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Our darkest day

Manoj Kumar
Saturday, December 22, 2012

TWO goalkeepers and several big names were used in defence but they could not stop the humiliation that reminds us of Fiji soccer's darkest day so far.

Rewa's Eroni Kubalala played the first-half and conceded seven before Suva's Akuila Ravono let slip six after the break as we were ripped apart 0-13 by New Zealand on their home turf.

Two days earlier, we were thrashed 0-10 by Australia in the land Down Under.

Both games were part of the 1982 World Cup qualifying rounds.

Home and away

Before the away games, Fiji played four matches at home. The Kiwis were first up and beat us 4-0. Indonesia was next and we held them to a scoreless draw.

Then came Taiwan and led by Abdul Mannan, Fiji notched a 2-1 win. However, having lost and drawn one, the writing was on the wall — beat Australia at home or bid farewell to our chances of qualifying for the second stage of the World Cup qualifiers. New Zealand was doing well and had drawn one (3-3) and won one over Australia (2-0).

Fiji was not good enough in Suva as Australia won 4-1. We were out of the running but still had to go abroad to finish our four away games.

Picnic trip

With nothing to play for, reports emerged that players were on "a picnic trip" despite playing draws against Taiwan (0-0) and Indonesia (3-3). There were two big games to be played in 48 hours — against Australia and New Zealand.

The side took on the Aussies and were overawed and overwhelmed 0-10. Fiji coach Wally Hughes, an Englishman, reportedly quit the next day, the eve of the international against New Zealand.

He had a lot to say and was surprised with the Fijians laidback attitude at that level of football.

"If you know Fiji, you know it's a very happy place. The people smile all the time and they play their soccer that way — to enjoy it," he quipped.

"But World Cup soccer is a business and it requires concentration for full 90 minutes."

Power struggle

Hughes, who was brought in for $F500 a week, about the same amount as some of our district coach or coaches are getting now, claimed that there was interference from Fiji team management and that he did not have a free hand in team selection, talks and tactics.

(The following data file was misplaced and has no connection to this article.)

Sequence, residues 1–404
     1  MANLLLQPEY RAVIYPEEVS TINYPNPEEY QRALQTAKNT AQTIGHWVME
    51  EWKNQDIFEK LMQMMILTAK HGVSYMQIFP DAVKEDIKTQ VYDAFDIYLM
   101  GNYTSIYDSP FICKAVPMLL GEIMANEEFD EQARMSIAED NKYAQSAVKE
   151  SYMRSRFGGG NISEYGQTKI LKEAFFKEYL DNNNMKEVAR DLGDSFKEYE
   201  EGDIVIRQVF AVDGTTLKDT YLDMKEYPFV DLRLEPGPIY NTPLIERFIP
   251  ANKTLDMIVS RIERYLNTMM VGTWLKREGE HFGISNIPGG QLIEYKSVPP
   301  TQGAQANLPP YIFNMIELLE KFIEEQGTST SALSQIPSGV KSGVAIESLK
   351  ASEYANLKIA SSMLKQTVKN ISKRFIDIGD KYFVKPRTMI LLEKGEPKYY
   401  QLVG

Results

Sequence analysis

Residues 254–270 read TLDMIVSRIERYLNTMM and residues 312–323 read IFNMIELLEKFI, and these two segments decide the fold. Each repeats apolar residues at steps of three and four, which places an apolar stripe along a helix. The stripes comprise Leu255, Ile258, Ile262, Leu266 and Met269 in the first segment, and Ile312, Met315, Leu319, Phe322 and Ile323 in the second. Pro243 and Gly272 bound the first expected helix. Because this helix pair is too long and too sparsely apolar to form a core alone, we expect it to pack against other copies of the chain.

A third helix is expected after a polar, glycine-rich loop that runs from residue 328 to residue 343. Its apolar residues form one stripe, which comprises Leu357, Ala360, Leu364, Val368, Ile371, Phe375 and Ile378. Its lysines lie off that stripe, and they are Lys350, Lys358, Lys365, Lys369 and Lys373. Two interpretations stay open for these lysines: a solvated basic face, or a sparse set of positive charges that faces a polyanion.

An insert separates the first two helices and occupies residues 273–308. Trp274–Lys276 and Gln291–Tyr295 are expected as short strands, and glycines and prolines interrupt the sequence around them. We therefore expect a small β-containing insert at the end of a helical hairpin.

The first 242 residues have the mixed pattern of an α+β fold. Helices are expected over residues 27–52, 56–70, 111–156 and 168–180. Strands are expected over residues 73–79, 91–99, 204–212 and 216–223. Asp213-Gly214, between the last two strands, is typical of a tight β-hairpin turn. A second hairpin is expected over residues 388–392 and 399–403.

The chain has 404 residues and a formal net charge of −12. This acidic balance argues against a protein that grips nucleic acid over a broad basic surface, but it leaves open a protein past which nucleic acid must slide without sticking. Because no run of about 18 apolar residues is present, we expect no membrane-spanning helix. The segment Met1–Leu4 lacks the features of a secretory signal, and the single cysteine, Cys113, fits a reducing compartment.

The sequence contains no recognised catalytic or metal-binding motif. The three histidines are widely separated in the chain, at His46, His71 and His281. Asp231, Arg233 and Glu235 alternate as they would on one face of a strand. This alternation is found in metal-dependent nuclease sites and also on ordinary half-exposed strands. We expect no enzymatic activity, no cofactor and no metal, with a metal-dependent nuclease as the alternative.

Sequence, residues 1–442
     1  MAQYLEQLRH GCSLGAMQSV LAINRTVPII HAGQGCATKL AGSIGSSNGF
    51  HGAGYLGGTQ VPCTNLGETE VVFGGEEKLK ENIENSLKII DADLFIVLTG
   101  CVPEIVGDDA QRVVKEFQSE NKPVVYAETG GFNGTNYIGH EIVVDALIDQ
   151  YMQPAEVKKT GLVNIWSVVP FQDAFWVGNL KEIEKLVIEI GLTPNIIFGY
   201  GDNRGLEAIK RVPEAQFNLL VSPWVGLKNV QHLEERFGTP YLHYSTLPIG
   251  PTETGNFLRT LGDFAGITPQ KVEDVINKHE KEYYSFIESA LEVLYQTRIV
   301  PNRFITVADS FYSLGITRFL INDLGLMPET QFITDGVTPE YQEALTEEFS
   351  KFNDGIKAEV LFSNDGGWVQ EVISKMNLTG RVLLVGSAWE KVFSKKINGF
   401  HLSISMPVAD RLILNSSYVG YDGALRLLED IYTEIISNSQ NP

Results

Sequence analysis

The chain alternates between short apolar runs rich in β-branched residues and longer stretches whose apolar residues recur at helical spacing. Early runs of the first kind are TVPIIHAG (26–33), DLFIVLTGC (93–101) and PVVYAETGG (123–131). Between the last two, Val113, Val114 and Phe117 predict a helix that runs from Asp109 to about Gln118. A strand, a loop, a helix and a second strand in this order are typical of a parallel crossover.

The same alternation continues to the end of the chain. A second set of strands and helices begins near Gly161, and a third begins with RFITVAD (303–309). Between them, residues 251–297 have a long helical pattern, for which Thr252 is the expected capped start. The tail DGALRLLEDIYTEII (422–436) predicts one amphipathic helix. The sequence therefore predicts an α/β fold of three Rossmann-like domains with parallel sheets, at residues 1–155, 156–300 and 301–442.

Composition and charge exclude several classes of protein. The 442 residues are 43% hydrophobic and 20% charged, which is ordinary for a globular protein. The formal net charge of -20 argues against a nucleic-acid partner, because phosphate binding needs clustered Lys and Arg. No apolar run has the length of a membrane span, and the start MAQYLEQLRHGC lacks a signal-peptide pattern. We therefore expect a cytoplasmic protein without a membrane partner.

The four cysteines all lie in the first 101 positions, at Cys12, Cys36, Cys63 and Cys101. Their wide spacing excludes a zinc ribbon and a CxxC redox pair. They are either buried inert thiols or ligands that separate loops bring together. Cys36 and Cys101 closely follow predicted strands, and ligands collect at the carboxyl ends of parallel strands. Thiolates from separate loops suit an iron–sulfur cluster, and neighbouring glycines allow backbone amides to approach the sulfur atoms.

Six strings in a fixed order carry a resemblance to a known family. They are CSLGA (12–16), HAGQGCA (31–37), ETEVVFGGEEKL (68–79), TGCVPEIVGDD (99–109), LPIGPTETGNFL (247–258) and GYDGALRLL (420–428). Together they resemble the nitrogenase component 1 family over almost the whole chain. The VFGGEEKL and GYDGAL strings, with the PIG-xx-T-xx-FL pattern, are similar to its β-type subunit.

"I wouldn't wish on any coach what I have been through," he said. He claimed that some of his officials were working against him and that the match against the Socceroos was thrown away with one defender responsible for letting in at least seven goals.

He added that this defender went on a drinking spree with one team official after the drubbing at the hand of the Aussies.

Unlucky 13

Fiji went into the final game against New Zealand without a coach and news spread that despite having an assistant coach, who could have stepped in for Hughes, a player (name withheld) was told to take charge.

Even with the likes of Mannan, Mohammed Salim (Rewa), the late Jone Nakosia (Ba), Upendra Choy (Lautoka) Abraham Watkins (Nadroga), Feroz Khan (Ba), Anand Sami (Labasa) and two stoppers Kubalala and Ravono, we were no match for the rampant Kiwis.

Steve Sumner, who received the FIFA Order of Merit in 2010 for his contribution in guiding New Zealand to its first World Cup finals in 1982, scored six goals. We were beaten 13-0, then a World Cup record. A week earlier, our national rugby team had won its first Test overseas since 1972, beating Tonga 10-8 with tries to winger Ratu Tevita Makutu (Nadroga) and stand-off Esala Labalaba (Nadi). But what followed in the round ball game in New Zealand on August 16, 1981 is something all local football followers would love to forget.

It's not easy though as we still stand in the Top 10 of World Football's Top Scoring Internationals (at number 8) although we have in some way redeemed ourselves with 16-0 and 13-0 wins over Tuvalu and American Samoa respectively. Australia's 31-0 win over American Samoa in 2001 is top of the pile.

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